Last night I finally got to go out for the birthday dinner I missed on Monday while my leg was propped up with an ice pack on it. I’d never been to this well known seafood restaurant before. It was a nice place, nice atmosphere and the food was great. We purposely went out late to avoid the dinner rush and, hopefully, have a little breathing room, because it’s nicer to have intimate celebrations in places that aren’t overly crowded or noisy.
We got a nice table in the front corner of the restaurant. Only one of the tables next to us was occupied and it looked like those people would be leaving soon because they were having dessert. So far, so good. We started to settle in with the menus. A few minutes later the hostess sat a party of six – three older, obviously moneyed couples – at the table on the other side of us. The restaurant was pretty much empty, I don’t know why they have to seat everybody next to each other instead of spreading people out.
Moments later, my eyes started to water as the smell of some hideous perfume wafted to our table. The culprit turned out to be the woman in this party seated closest to us. Dyed hair (almost a bright red) perfectly coiffed, loads of makeup (probably a face-lift or two), fancy spectacles, flashy chunky jewelery, upscale clothing and a stank to kill a skunk. If you’ve ever seen Tracey Ulmann do her character Fern, the Jewish socialite from Long Island, on “Tracey Takes On” and can exaggerate her significantly in your mind, you’ll have a pretty good picture of my fellow diner.
I nearly gagged, I don’t know how her companions could stand the smell. I also don’t know what possesses people to assume that just because something smells good to them that everyone else will find it as pleasant, so they over-apply it. I had to get up and ask our waitress to move us to another table. Even then, it took a while for the rank smell to dissipate from our noses.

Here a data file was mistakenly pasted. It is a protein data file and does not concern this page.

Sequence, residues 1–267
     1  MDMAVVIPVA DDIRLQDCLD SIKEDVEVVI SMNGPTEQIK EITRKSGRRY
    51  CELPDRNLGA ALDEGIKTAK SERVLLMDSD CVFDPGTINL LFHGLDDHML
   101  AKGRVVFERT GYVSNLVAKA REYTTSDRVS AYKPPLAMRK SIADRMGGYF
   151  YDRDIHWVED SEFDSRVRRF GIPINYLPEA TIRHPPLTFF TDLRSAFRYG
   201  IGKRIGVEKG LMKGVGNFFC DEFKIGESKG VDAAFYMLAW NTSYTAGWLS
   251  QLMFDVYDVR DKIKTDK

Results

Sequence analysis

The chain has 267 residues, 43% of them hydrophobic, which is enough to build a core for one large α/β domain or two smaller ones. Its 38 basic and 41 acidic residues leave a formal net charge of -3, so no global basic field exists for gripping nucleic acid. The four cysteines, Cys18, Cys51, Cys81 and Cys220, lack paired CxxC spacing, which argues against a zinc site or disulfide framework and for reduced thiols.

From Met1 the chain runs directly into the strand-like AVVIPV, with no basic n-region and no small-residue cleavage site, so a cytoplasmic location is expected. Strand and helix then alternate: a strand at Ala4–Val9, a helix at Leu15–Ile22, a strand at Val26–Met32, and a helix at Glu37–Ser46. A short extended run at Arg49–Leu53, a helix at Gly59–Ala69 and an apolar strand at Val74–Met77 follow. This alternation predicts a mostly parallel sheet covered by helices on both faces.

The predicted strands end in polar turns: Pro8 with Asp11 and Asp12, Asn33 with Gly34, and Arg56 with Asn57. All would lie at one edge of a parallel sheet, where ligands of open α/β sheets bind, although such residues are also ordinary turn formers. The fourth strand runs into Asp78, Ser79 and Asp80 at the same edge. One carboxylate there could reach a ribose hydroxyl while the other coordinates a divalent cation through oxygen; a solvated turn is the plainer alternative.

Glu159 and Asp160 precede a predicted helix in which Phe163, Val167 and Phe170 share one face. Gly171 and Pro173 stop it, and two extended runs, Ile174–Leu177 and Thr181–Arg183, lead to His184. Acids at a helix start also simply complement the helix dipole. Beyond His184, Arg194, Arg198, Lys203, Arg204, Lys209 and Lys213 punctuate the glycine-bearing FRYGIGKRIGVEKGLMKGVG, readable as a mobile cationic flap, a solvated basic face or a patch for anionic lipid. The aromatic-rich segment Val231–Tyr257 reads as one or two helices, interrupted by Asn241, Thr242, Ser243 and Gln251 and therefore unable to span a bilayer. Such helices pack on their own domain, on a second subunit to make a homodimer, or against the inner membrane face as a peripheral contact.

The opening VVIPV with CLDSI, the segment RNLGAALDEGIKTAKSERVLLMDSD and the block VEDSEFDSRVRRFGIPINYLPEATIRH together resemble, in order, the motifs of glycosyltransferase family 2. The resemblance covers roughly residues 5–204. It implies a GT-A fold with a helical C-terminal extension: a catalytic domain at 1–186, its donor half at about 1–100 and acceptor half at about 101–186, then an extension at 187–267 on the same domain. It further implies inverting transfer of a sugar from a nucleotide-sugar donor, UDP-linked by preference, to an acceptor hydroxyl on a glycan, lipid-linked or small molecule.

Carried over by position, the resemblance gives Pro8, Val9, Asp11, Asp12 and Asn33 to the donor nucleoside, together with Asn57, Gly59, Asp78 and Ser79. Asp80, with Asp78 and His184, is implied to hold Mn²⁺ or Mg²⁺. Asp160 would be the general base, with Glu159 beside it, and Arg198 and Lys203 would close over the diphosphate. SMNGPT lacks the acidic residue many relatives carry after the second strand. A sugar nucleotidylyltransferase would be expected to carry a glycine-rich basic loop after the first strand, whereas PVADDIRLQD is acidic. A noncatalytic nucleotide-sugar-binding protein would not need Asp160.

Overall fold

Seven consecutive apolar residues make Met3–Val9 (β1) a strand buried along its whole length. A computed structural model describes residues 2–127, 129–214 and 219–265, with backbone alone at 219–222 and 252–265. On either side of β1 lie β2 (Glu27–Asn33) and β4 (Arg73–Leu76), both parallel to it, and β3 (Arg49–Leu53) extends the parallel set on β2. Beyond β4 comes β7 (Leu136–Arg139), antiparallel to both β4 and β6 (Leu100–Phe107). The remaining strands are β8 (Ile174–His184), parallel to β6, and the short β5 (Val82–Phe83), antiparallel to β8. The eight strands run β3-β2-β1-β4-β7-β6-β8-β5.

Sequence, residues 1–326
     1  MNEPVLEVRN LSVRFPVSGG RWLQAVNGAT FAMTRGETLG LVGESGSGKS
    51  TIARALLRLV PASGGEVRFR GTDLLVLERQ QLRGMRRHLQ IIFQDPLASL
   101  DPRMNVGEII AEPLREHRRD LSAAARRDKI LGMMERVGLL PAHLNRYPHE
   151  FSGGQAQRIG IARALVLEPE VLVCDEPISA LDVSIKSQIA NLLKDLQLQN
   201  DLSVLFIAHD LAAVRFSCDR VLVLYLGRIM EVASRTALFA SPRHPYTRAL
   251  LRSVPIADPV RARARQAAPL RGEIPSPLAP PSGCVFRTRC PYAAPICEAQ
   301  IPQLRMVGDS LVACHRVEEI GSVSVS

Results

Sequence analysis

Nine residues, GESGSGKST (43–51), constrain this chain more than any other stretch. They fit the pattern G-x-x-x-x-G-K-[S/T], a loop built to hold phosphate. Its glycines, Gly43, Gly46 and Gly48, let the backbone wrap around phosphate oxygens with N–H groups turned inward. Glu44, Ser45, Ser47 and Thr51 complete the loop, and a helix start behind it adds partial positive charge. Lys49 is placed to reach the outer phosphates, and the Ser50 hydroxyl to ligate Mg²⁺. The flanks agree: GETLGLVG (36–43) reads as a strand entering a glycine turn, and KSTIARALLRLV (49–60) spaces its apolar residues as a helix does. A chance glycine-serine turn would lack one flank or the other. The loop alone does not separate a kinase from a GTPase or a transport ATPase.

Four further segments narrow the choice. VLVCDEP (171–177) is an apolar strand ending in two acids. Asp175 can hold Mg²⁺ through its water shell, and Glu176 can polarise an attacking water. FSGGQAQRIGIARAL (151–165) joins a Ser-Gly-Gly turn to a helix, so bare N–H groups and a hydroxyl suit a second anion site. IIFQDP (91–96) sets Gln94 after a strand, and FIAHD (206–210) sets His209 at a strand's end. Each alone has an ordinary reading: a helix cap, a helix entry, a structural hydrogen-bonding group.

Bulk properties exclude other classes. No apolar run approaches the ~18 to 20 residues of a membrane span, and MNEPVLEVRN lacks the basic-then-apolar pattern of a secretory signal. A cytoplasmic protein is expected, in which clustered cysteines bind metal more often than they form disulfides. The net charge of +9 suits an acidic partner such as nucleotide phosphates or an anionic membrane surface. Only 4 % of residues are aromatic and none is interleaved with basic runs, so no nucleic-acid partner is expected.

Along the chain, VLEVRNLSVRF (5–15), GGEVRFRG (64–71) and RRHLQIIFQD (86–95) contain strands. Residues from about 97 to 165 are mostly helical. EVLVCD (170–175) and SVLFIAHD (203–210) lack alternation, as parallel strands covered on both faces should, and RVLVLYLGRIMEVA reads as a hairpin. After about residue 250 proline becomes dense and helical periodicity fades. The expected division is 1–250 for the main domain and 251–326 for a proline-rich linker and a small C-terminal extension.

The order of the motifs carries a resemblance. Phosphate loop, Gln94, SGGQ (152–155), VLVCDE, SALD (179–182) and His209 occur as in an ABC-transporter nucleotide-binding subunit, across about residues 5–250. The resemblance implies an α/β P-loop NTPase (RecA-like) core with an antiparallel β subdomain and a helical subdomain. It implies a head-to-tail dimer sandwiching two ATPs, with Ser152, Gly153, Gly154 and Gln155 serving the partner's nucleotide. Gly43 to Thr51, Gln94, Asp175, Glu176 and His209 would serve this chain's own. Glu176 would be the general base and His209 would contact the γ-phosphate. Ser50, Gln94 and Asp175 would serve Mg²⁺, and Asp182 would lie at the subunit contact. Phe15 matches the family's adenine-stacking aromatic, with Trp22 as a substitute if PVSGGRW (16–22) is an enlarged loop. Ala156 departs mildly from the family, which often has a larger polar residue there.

After dinner, we went down the street to this pub. We’d been there once two months ago to hear a band that we’ve sort of been following for the last two years. That night, Mel’s friend Alex had been with us. Not too long ago, Alex moved back to this area from California after a nasty break up with her (cheatin’ ass) girlfriend. For some reason or another, Alex hadn’t drank for about six months. She’d come to our house to pick something up and we talked her into going out with us to hear the band. Before we left she drank three beers. After we got to the pub she and Mel decided to drink their way down the row of taps behind the bar. So we parked ourselves at the bar, drank, argued over cigarettes (we do occaisionally smoke when drinking in bars), listened to the band and had a rousing good time. Alex and Mel had a really good time so it was a good thing I didn’t drink much that night. Besides the cider tap was empty. Of course, that didn’t stop me from complaining bitterly about it.
Apparently, we’d made quite an impression on the bartender during that single visit. He immediately recognized us, poured me a cider, asked where Alex was and whether we’d brought cigarettes. When we said no we hadn’t brought any, he pointed to the convenience store across the street. As for Alex, she informed Mel that she’d quit drinking again the day after she went out with us. He just shook his head when we told him that. (We take great delight in calling Alex a puss over this. She’s a real butch and hates that.) Too bad we were only staying for one drink last night… I think the kilt-wearing bartender would’ve treated us right since the place wasn’t so crowded this time.